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SEA Currents: SSV Robert C. Seamans

August 09, 2017

Poster session and first lightening talk at WHOI-Redfield

Craig Dawes, NYC College of Technology

SEA Semester

Above: Craig presenting his poster. Below: Craig giving his lightning talk.

Over the past 5 weeks I engaged in research under the mentorship of Heidi Sosik and Stace Beaulieu. The project I was working on is captioned “Assessing the temporal relationship between morphotype and genotype for ciliate data from the Martha’s Vineyard Coastal Observatory”.

Ciliates are microscopic, unicellular, eukaryotic-protists that are characterized by the presence of hair-like structure (cilia) that are found on or around these organisms. The primary function of these cilia is to aid in locomotion. Traditional techniques that are used to study and preserve these protists are insufficient and often damage their delicate structures. The ImageFlow Cytobot (IFCB) is a technology that combines microscopy with flow cytometry which allows us to study ciliates in situ. The IFCB, however has its own limitations— it only captures organisms that have either recently eaten chlorophyll containing organisms (herbivores) or those that sequester chloroplast, from its photosynthetic-endosymbionts (mixotrophs). As a result, the current abundance data for ciliate communities are often underestimated. A recent modification to the IFCB (IFCB-S) incorporates a stain that fluoresces on a common property to all live cells hypothesized to capture better estimates of the entire ciliate community. Additionally, because of the presence of cryptic species within this group of organisms, taxonomic identification by morphology, solely, also skews the total abundance of ciliates in a community.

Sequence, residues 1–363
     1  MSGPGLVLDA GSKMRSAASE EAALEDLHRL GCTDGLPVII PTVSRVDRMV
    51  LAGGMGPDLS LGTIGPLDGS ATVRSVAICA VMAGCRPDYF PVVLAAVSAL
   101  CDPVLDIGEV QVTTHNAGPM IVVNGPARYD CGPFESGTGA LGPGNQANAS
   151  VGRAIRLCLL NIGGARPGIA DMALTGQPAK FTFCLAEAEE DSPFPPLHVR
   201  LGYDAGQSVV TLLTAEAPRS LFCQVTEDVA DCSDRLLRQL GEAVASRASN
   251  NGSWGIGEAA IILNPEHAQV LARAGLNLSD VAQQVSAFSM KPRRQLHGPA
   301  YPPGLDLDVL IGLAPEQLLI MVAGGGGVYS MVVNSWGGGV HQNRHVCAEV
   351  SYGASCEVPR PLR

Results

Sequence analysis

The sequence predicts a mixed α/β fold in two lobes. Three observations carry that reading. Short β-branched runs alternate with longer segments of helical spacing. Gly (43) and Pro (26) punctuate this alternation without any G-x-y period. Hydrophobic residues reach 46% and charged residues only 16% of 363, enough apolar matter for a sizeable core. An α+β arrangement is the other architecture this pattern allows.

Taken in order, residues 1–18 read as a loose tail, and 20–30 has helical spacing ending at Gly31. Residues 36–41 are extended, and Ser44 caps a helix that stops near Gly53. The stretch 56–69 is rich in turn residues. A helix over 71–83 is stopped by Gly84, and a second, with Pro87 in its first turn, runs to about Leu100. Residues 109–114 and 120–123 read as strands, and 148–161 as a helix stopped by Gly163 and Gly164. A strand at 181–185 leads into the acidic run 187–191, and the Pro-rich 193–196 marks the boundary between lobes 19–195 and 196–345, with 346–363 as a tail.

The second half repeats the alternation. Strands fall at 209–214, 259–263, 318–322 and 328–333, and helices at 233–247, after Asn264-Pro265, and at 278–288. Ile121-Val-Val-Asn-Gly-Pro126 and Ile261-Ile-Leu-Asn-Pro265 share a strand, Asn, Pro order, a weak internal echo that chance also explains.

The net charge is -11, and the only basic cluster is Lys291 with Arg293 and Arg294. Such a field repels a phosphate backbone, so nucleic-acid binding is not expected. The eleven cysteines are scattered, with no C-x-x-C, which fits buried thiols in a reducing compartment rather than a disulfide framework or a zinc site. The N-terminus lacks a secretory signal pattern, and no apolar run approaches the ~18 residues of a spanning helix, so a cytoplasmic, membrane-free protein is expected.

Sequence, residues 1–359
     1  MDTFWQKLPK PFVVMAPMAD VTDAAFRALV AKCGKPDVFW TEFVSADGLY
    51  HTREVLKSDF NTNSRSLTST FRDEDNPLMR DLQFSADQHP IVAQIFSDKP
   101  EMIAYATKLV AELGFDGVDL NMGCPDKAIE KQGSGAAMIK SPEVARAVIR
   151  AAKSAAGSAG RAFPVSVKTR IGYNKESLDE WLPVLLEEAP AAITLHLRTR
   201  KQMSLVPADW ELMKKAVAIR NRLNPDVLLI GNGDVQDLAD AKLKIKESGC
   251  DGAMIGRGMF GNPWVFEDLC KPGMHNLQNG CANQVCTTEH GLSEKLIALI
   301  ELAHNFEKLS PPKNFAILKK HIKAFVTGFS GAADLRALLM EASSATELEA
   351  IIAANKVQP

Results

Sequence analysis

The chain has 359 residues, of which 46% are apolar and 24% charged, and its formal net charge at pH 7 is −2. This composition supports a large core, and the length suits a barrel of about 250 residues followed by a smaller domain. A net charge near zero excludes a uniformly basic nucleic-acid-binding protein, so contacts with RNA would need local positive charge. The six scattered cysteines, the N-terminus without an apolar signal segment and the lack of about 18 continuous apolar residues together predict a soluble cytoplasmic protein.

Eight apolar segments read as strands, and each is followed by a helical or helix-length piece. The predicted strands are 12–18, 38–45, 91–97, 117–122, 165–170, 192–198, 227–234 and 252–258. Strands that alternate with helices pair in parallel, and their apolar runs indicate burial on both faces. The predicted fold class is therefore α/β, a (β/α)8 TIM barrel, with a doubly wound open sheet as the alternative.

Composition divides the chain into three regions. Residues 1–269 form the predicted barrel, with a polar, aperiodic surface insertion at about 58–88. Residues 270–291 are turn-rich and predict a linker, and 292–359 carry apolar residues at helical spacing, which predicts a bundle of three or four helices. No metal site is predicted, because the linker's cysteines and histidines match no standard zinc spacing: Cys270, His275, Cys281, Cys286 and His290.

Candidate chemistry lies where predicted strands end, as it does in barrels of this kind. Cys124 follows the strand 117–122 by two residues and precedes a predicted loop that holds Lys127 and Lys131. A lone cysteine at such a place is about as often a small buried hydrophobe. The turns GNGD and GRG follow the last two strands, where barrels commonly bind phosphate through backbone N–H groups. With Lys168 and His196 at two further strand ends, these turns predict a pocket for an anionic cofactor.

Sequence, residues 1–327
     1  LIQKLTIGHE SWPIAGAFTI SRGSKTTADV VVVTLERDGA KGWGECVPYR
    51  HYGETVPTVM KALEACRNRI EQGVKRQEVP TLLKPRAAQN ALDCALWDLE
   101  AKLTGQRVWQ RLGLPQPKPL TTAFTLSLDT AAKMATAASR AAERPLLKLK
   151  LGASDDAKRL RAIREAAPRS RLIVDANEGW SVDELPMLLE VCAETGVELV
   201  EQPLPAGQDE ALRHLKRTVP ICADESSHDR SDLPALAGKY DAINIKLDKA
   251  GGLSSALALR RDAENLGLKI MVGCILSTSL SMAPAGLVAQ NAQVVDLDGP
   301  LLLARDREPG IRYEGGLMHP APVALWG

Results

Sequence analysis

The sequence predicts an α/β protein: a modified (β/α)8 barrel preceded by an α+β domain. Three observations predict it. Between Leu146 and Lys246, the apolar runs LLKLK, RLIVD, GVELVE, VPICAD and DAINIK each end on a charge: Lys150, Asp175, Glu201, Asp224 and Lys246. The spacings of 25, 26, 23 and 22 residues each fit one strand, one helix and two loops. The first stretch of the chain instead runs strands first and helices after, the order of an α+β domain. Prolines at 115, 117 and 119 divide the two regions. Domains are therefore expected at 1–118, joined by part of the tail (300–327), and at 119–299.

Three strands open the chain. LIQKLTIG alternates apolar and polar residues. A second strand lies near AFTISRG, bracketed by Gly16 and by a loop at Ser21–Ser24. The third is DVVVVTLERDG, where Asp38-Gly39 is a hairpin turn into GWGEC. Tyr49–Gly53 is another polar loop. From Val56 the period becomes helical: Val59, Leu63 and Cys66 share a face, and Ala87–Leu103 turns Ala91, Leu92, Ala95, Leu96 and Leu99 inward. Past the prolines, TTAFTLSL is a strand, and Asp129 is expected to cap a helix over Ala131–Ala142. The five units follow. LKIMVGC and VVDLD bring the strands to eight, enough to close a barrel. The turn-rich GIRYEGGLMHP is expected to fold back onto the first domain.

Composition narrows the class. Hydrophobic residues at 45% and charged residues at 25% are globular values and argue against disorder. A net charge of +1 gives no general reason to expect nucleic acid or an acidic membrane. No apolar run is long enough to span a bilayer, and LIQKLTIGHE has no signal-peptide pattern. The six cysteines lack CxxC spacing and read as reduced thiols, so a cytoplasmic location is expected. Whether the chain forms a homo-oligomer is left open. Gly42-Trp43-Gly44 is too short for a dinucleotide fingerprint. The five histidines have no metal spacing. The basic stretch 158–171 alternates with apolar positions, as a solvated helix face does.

I looked through ~3 million images and manually annotated ciliate images (IFCB and IFCB-S) from an ecosystem monitoring survey cruise in the Chesapeake Bay area, on NOAA R/V Pisces, from Nov 4- 19, 2014. I conducted a comparative analysis of three ciliate- specific datasets: 1) IFCB images from Martha’s Vineyard Coastal Observatory (MVCO), 2) Pisces Cruise data and 3) MVCO sequence data from two time-points (within cruise). My results elucidated: 1) IFCB-S produced a higher abundance of ciliates than the traditional IFCB, 2) Genetic overlap indicates higher species richness and 3) we observed ciliates that haven’t been observed at MVCO in over an eleven-year time series.

My project culminated in a lighting talk and a poster session at WHOI-Redfield on August 4, 2017. I have had experience presenting a poster before, but the lighting talk was rather new and ‘different’ for me. It was a challenge to condense so many exciting details and present them in a 2 minute, 2 slide presentation. Nonetheless, I travailed and my next lightening talk will be much better, I hope!

- Craig 

Categories: Woods Hole Partnership Education Program, • Topics: pep  science  research  life on shore • (0) Comments
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